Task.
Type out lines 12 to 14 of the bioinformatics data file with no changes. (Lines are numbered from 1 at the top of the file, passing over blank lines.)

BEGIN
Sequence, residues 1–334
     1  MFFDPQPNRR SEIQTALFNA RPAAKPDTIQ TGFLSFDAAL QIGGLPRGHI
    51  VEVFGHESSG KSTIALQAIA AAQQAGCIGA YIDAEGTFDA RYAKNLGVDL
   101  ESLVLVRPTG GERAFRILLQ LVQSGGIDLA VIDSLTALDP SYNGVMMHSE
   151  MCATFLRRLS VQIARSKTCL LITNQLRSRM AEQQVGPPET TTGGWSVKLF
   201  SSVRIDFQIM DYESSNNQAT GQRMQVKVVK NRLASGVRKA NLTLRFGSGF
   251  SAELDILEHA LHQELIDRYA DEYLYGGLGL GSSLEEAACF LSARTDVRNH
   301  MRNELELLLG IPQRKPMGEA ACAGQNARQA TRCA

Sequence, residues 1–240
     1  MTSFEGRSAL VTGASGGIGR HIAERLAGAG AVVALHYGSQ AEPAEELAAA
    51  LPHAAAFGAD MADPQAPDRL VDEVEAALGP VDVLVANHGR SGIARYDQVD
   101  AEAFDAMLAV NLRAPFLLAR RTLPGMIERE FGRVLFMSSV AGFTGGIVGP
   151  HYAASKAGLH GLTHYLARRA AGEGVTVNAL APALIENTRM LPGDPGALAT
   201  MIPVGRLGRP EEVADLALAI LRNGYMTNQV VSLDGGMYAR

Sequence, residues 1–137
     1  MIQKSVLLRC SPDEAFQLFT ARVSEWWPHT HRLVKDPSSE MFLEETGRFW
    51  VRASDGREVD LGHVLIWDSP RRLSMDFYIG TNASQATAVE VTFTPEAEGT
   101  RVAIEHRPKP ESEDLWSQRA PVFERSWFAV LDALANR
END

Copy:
   101  AEAFDAMLAV NLRAPFLLAR RTLPGMIERE FGRVLFMSSV AGFTGGIVGP
   151  HYAASKAGLH GLTHYLARRA AGEGVTVNAL APALIENTRM LPGDPGALAT
   201  MIPVGRLGRP EEVADLALAI LRNGYMTNQV VSLDGGMYAR